Phil's pendant, fresh out of the kiln
This past weekend, I added a class on dichroic glass pendants to my class schedule. The dichroic glass pieces I've done previously went through the firing with no problems. That wasn't the case this weekend.
The glass fuses to the metal clay at 1470 degrees for 45 minutes. But, that doesn't mean that the glass can just be laid on top of the clay. It needs to be contained by wrapping metal clay around it. Now, I'm not a physicist (I never even took chemistry or physics in high school. Little did I know how much art involves those two sciences.) I'm not exactly sure what the glass does during the firing process, but I imagine that it becomes sort of gelatinous.
When the firing is complete, the door of the kiln must be opened and left open until the internal temperature of the kiln reaches 1,000 degrees. Then the door is closed and left closed until the kiln is back to room temperature. This keeps the glass from turning cloudy which is known as devitrification and also keeps the glass from cooling too quickly and cracking.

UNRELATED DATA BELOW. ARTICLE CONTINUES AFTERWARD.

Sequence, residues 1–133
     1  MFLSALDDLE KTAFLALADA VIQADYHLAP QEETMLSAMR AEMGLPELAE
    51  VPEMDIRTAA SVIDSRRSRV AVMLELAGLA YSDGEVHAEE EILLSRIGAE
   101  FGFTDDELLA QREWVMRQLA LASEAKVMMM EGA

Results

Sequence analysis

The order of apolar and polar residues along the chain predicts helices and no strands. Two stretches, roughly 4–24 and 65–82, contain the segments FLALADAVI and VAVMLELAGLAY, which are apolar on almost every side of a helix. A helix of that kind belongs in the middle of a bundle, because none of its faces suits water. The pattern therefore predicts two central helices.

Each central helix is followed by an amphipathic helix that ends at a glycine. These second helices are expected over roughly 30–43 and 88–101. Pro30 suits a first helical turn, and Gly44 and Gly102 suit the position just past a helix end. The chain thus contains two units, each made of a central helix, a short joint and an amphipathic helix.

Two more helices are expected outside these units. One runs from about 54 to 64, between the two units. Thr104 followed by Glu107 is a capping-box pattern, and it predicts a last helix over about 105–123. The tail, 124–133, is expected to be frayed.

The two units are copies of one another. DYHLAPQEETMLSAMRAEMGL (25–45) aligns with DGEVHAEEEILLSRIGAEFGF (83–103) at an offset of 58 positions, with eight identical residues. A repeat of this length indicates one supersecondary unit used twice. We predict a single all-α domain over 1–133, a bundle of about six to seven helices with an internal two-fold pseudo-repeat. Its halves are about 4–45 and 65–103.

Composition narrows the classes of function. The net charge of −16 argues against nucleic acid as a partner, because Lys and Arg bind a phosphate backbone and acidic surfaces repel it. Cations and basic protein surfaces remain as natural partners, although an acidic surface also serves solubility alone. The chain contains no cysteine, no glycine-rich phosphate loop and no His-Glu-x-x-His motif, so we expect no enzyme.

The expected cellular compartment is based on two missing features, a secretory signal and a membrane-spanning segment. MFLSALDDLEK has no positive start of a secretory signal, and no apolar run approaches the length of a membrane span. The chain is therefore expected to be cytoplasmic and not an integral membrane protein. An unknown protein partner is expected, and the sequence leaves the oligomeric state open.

Well, let me tell you that I followed the process to the T and still had problems. (Murphy's Law!!) My one piece turned cloudy and my other piece cracked. In fact the glass cab just cracked right off. (Thank goodness for E6000 glue.) Our pieces also looked like the glass was just getting ready to melt. The shape of the glass shifted just a little. Guess it's time to check the temperature of my kiln. (Once I figure out the directions on the set I bought to do just that.)
The good news is that none of my student's pieces turned cloudy or cracked. So, these are the pieces I'm showcasing on this post. I'll show you mine later.